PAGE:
How To Clean The Seatbelts In Your Car

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When was the last time you cleaned the seatbelts in your ride? I bet you spend most of your time cleaning the exterior and interior without paying the slightest attention to the seat belts. But with daily use and exposure, those belts are sure to accumulate their fair share of dirt and grime. 

You always put the seatbelts on before driving off, so it’s important to keep them clean at all times. And since you need to touch the seatbelt every time you put them on, they can easily acquire dirt and stains over many miles of driving.

In this article, we will show you the easy and simple ways on how to clean the seat belts in your car. You can do it using the basic materials you’ll find inside your home.

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How To Clean The Seatbelts In Your Car

How To Clean Seatbelts

Materials Needed:

  • Dish soap
  • White vinegar
  • Medium bristle brush or soft toothbrush
  • Fabric spray cleaner
  • Thick microfiber towel
  • A small clamp to hold the seatbelt
  • A small cup of clean water
  • Steam machine (optional)

Step 1: Park the car in a safe and level garage. Turn the engine off and engage the parking brake.

Step 2: It’s better to clean one seat belt at a time. Open the door and gently pull the seat belt most of the way out of the retractor. Use a clamp to prevent the belt from retracting as you clean. You can use a small alligator clamp or binder clamp for this procedure. The trick is to keep the seatbelt from retracting into the spool until fully dry. Retracting a wet or damp seat belt is not advisable. It causes mold, mildew, and funky odors over time. It will also cause early deterioration of the webbing.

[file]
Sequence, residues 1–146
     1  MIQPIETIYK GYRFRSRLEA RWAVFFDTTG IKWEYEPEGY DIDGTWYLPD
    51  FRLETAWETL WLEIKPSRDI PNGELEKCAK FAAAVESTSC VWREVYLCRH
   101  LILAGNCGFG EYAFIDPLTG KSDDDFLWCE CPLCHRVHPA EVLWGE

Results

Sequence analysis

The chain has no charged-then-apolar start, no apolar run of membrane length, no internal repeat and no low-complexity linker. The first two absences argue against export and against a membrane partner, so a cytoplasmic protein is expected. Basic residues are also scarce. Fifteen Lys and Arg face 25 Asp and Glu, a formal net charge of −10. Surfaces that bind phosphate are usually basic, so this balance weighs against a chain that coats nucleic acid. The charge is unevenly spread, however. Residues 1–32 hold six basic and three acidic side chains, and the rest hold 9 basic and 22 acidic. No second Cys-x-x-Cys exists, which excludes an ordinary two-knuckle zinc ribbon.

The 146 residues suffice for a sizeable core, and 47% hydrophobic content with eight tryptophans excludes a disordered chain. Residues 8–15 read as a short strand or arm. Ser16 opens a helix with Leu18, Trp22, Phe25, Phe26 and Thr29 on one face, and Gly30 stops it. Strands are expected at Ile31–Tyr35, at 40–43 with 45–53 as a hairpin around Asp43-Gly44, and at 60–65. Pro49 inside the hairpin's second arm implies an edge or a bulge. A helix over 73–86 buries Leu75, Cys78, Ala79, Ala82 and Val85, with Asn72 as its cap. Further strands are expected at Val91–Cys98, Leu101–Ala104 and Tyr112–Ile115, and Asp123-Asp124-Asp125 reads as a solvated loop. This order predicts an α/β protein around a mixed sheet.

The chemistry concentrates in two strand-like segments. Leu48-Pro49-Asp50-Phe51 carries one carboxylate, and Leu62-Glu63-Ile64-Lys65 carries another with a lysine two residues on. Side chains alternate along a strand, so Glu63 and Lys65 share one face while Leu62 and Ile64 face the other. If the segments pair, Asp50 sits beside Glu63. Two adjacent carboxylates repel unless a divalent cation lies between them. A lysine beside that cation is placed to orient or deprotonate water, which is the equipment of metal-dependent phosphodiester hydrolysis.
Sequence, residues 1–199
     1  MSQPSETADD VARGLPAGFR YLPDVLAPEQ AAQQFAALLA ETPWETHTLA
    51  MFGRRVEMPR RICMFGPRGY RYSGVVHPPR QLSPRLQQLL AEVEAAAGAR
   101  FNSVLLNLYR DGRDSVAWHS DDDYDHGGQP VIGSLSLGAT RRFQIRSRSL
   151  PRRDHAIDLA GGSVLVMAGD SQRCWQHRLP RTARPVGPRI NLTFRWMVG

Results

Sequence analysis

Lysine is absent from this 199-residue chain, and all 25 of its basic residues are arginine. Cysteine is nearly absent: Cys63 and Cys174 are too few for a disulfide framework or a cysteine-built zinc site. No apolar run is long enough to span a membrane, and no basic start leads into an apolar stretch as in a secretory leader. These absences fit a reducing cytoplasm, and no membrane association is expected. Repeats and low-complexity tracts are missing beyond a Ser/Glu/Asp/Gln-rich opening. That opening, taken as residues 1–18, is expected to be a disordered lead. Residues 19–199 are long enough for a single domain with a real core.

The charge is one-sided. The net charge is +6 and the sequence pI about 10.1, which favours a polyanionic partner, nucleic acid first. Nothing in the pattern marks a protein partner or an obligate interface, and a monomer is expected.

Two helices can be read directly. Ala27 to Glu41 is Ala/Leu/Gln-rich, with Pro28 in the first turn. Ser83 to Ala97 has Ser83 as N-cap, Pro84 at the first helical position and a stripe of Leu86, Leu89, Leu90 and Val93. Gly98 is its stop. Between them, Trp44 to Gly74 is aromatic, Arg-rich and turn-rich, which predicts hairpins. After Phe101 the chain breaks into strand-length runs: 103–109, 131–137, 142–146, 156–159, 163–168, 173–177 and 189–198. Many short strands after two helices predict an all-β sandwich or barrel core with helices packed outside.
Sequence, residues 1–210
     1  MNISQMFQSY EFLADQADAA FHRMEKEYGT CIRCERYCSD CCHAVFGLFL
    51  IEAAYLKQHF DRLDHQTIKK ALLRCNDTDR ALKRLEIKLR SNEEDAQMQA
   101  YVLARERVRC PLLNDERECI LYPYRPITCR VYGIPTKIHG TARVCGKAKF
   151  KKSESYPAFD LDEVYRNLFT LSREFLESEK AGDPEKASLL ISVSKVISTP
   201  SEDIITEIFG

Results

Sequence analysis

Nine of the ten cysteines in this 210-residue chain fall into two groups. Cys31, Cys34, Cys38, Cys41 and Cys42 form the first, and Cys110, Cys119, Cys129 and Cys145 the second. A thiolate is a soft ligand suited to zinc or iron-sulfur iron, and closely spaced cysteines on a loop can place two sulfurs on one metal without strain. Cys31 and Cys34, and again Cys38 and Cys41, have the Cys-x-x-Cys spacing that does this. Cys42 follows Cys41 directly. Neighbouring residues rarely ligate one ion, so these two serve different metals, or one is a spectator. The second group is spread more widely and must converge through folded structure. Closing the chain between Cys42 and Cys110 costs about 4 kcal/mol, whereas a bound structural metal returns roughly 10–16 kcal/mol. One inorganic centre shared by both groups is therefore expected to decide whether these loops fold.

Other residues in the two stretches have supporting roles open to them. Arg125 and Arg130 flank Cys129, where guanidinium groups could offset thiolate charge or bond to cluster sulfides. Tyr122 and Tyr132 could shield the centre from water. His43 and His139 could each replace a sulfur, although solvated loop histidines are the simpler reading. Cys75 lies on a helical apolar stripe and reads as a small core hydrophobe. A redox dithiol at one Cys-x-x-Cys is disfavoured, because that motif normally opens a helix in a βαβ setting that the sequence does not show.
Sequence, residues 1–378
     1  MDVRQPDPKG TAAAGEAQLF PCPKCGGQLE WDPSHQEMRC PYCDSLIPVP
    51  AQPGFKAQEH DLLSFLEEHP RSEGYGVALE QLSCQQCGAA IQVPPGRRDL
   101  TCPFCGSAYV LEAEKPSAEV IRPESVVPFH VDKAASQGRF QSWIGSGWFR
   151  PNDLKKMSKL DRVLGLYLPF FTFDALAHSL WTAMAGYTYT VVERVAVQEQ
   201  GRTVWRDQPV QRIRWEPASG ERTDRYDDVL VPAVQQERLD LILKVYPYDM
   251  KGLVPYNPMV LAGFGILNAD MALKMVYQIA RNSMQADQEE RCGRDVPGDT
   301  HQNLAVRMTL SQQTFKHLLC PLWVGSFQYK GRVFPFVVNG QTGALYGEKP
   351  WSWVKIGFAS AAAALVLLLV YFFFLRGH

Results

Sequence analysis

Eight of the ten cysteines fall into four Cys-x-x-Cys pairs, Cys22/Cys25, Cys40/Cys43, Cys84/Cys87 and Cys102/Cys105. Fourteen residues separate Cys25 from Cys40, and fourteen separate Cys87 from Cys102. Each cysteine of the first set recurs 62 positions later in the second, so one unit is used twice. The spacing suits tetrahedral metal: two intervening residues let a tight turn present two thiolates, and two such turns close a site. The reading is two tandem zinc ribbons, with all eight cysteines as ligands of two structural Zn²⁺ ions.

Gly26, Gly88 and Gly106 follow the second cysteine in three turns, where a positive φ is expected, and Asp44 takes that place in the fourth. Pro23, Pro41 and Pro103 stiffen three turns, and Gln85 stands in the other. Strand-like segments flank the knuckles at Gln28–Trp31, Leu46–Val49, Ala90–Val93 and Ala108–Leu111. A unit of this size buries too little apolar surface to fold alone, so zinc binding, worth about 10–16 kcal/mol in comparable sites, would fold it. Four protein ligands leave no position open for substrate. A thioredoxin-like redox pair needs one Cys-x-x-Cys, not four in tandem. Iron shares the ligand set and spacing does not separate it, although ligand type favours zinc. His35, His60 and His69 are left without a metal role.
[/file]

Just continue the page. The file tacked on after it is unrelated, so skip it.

Step 3: Now is the perfect time to inspect the seat belt. If you see frayed or damaged areas, it’s better to replace the seat belt instead of cleaning them. Avoid using broken or damaged seat belts. You’ll never know when an accident is going to happen. Replace damaged or worn out seat belts immediately!

Step 4: After inspecting the webbing, it’s time to clean the belt itself. Start by spraying a light mist of fabric cleaner on the belt. Lightly agitate the cleaner using a medium bristle brush or soft toothbrush. I personally like using a toothbrush when cleaning seat belts. A toothbrush is easier to hold and is gentle on the webbing. Make sure to brush in the direction of the webbing. Brushing against the webbing may lead to fraying or light damage. 

Avoid saturating the seatbelts with cleaner. The trick is to keep it from soaking too much cleaner or liquid to prevent damaging or deteriorating the webbing. The seatbelts in your vehicle may feel soft and light, but they can withstand up to two tons of force. It relies on the webbing to withstand the force of sudden deceleration. Any hint of damage on the belt may affect the safety performance of the device.